This Is Outrageous; It’s Contagious

Alongside these far-right attempts at humour comes a particular theory of comedy as a carnivalesque space in which anything can be said or done, rather than as an art form which comes with the same ethical and political responsibilities for the author as any other. Memes like Pepe and the ‘shitlord culture’ of 4chan are part of this constellation of far-right humour. Yiannopoulos praises this new comedic thing for its fearless, ‘mischievous’ explosion beyond the limits of acceptable discourse, and tends to falsely construes much of its antics as knowing irony borne of frustration with PC speech-policing, rather than as genuine fascist speech. In this reactionary theory of comedy, which works as a cover for propaganda, outrage and offense are made to be central. Within this putatively value-free space of comedy, one finds what Theweleit called the ‘utopia of fascism [as] an edenic freedom from responsibility’. Therefore a theory of comedy as a space of unrestricted speech, free from responsibility, allows real politics to masquerade hypocritically as a joke in a way that trivialises politics; that comedifies it. Thus, following Benjamin, if the right comedifies politics, the left should politicise comedy.

Can Sam Hyde’s activities be classified as stand-up comedy? His primary audience seems to be his sympathisers watching via the internet, rather than his live audience. The latter are being pranked, and their reactions supply much of the entertainment for the former group. Some have called his work ‘anti-comedy’, though, usually, ‘anti-comedy’ means audiences laughing at an intentional non-joke – a joke that is funny because it subverts a traditional form. But Hyde’s performances often elicit little laughter at all. Audience members sit in silence, vocally resist, or walk out. And eliciting this response is his intent. Hyde’s activities, although he performs in comedy clubs, would be better described not as anti-comedy but as anti-stand-up. Stand-up comedy is a live art form in which the joke is co-created by audience and performer. Hyde’s activities, by contrast, hijack the setting and expectations of stand-up comedy but use it to disseminate right-wing social critique. Generally, stand-up comics are in a relationship of creative intimacy with their audience. This relationship is not necessarily without tension – but if a comic challenges the crowd to see the world differently, or even offends them, they at least attempt to do it while getting them to laugh along, and are all the more persuasive for that. Total contempt for the audience is rare, and not sustainable for a stand-up comedian.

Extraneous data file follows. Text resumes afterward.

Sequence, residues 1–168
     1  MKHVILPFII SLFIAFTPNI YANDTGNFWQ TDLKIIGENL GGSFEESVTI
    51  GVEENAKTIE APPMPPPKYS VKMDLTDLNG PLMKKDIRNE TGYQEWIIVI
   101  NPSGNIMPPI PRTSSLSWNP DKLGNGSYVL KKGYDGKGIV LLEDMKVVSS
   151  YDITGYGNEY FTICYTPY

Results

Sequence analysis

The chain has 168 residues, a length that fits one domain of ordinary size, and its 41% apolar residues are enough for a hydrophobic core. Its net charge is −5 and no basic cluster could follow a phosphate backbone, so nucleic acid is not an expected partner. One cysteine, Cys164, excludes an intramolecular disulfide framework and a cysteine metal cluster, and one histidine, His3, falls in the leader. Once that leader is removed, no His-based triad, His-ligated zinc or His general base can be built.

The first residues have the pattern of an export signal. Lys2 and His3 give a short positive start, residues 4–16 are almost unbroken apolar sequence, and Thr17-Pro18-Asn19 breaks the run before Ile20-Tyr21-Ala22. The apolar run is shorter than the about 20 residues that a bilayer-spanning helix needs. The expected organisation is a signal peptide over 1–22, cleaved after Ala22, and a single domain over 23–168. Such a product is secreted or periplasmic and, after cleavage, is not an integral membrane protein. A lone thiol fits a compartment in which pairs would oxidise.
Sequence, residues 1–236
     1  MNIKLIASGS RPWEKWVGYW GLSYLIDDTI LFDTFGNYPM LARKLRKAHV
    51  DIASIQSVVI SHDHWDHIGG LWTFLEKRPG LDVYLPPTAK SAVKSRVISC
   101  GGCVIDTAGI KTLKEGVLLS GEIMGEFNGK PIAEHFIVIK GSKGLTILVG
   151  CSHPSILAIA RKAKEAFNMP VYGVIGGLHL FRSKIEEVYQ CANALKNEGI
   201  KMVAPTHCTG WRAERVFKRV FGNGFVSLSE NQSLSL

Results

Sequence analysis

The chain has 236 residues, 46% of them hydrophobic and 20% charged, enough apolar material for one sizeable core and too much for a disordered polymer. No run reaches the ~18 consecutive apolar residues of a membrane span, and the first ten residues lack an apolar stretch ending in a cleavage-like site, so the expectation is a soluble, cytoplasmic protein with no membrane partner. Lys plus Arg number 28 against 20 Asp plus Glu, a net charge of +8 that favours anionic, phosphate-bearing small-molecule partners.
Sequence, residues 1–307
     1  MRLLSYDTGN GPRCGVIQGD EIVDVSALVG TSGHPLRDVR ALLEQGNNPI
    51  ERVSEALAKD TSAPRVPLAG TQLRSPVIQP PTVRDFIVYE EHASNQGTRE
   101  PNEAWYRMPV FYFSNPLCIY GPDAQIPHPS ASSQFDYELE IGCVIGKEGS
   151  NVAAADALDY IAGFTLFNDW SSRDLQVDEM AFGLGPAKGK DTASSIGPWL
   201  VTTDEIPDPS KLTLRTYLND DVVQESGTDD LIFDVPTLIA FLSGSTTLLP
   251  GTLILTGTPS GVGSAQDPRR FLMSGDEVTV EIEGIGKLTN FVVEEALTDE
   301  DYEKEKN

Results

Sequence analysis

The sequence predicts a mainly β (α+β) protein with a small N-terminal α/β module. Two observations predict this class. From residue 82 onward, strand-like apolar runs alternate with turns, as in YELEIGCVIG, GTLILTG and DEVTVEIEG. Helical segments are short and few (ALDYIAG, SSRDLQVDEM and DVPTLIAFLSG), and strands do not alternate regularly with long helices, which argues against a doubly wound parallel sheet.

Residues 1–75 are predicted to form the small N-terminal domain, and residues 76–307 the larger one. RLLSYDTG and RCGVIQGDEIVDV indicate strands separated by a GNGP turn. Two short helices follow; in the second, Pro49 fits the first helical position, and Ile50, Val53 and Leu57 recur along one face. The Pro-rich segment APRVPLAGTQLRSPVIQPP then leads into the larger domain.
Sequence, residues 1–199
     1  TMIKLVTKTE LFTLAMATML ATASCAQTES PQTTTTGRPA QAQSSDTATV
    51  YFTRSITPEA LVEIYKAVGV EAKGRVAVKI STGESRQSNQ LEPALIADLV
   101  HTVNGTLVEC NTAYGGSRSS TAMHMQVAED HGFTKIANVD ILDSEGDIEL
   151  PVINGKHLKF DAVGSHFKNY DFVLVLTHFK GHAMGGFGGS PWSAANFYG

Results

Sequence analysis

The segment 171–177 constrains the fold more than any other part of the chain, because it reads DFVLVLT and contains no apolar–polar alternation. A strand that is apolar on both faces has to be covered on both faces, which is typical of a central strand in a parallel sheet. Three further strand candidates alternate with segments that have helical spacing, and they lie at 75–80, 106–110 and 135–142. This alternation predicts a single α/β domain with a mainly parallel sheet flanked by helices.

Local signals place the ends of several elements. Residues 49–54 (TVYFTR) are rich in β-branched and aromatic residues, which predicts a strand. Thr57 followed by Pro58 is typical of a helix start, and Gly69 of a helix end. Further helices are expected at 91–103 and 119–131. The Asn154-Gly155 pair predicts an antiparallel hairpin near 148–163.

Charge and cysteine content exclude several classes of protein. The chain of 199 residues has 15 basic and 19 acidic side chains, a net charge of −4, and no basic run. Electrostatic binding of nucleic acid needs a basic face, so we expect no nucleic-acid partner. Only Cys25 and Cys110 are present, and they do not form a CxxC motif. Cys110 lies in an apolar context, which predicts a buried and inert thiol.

Comedy and Contradiction

Though stand-up comedy as bigotry, as in the reinforcement of existing social relations through mockery, is nothing new, the form can also be used as a means of emancipatory social criticism. For key to any joke is incongruity; comedians often uncover the contradictions in social life and norms, and audiences laugh at their disclosure. The showing up of social mores as absurd through comedic critique can be used to find that point of liberation, the crack in the accepted view of the world through which the light of truth or freedom shines.

Like jokes, social transformation too proceeds from identifying a contradiction of some sort, an absurdity – something that just doesn’t make sense. Comedy often plays in the tension between the symbol and what it refers to – or rather, what the comic and the audience agree about this tension. This makes comedy inherently critical, though not necessarily liberatory. It’s a weapon that can be used for progressive or regressive ends. Anti-racism, respect for women’s rights and gay rights, for example, can be construed as ‘sacred cows’ and turned flipside through comedy, as they are in Sam Hyde’s performances.

When this communality is lost, stand-up comedy has become something else. Audience participation in comedy – the more or less subtle communication between comic and crowd, the ineffable sense of a room’s tone – means that the stand-up comedian is never really browbeating or standing apart from them. The comic and the audience are, ultimately, on the same side. Thus comedy scholar John Limon remarks that ‘it is hard to fathom how a stand-up performance can be outrageous, that is to say (etymologically) outré, outside the circle. In standup as opposed to all other modes of art and entertainment, there is only the circle.’ In stand-up at least, outrageousness and offensiveness actually detract from the work – contra the reactionary theory of comedy, upheld by Yiannopoulos and others, which centres them.

Stand-up Comedians and Progressive Struggles